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Tuesday, May 3, 2016


 One tiny ray of light. That's all. A little window too far above your own head for you to even look out - that's where it came from. Concrete walls all around, cold stone for your bed every night. This is what a prison feels like. 
 For the first time in my life, I stood inside such a place and took in the surroundings. Here, at the famous Ft. McHenry - site of the penning of our national anthem - I looked around and imagined those who had been held captive here over the fort's history. Prisons break down the mind and also the spirit. Prisons make you despair. They hold you in and make you lose hope. You start to think that you'll never be free. And the darkness runs deep. You forget what the outside world is like. You forget to live...because you simply feel like giving up. Dying.

 But then, my mind began to think of the many prisoners throughout history who called such a place their home for the simple reason of calling themselves followers of Jesus. They wrote epic letters and books of inspiration and hope from cells much like this one. John Bunyan penned the immortal Pilgrim's Progress while imprisoned...simply for being a pastor and teaching others how to follow God. Thomas Case wrote his Treatise on Afflictions while enduring cold nights in a forsaken cell in the Tower of London. Even the Apostle Paul wrote much of the New Testament from prison, giving us amazing letters of theological depth and insight into the character and mind of God. 
 I asked myself, how did these men not go crazy under such conditions as this? After all, they were human beings too. They had to have moments of depression and hopelessness. But they somehow made the choice to turn their worst moments into something beautiful for God. They decided to change the world...from a prison cell.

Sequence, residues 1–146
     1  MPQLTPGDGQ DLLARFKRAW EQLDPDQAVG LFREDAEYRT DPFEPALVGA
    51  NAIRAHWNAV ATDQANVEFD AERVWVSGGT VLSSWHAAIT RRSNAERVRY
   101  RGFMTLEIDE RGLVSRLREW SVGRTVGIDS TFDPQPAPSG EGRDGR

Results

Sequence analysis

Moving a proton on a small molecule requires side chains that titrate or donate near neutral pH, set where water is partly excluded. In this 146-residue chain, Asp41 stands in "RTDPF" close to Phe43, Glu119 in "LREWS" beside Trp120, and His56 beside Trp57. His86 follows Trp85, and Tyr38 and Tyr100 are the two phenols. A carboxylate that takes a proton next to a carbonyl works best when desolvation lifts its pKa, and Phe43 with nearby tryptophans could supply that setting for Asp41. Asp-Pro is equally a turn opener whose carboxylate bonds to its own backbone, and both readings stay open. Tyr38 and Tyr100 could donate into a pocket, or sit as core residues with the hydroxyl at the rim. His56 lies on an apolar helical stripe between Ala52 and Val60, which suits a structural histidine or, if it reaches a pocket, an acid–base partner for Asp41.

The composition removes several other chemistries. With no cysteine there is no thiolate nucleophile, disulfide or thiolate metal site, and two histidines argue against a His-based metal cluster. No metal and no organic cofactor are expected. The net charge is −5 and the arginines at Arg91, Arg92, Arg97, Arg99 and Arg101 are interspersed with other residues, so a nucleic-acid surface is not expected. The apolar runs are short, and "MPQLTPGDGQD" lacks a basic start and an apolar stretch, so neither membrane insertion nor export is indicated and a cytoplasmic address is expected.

Then it struck me: a physical imprisonment is one thing. You can hold a person's body captive, yet their mind can run free and unbound. An imprisonment of the soul, however, is another thing altogether. There are many who walk around as free people physically but their heart is just as bound as those who sit behind stone walls of this sort. And it is just as true that those who may sit behind iron bars for the sake of doing God's will may continue to live a fulfilling life simply because they made the choice to turn their situation into an opportunity. 
 Just because your current circumstances are not ideal doesn't mean that your soul cannot sing. The heart can still praise...even in the darkest hours of life. I've never been physically to prison before, but I've spent many a dark hour locked in a cell of the soul, staring at that one little ray of light and wondering if I would ever be free. I've learned though that living in grace doesn't exclude you from moments such as these. Suffering will beset the path of any person striving to believe, to love fully, to hope. But it's how you choose to put those things into action when circumstances go against you that determines who you become. This is where faith can prove greater than fear. This is where God can use one willing person to change the world - even as they wait through the darkest night of their soul.